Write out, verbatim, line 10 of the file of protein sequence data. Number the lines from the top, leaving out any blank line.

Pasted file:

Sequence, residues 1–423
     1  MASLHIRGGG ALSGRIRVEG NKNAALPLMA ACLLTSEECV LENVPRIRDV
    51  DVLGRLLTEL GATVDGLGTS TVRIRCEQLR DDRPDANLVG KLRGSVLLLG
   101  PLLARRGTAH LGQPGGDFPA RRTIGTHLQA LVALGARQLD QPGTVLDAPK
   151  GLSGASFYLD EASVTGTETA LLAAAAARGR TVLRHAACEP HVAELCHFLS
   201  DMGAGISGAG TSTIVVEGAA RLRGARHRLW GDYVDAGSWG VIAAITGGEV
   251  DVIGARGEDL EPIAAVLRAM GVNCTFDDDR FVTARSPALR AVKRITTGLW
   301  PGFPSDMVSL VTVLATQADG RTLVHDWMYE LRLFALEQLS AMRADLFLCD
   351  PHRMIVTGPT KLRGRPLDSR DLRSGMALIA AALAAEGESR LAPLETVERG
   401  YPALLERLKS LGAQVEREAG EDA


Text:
   401  YPALLERLKS LGAQVEREAG EDA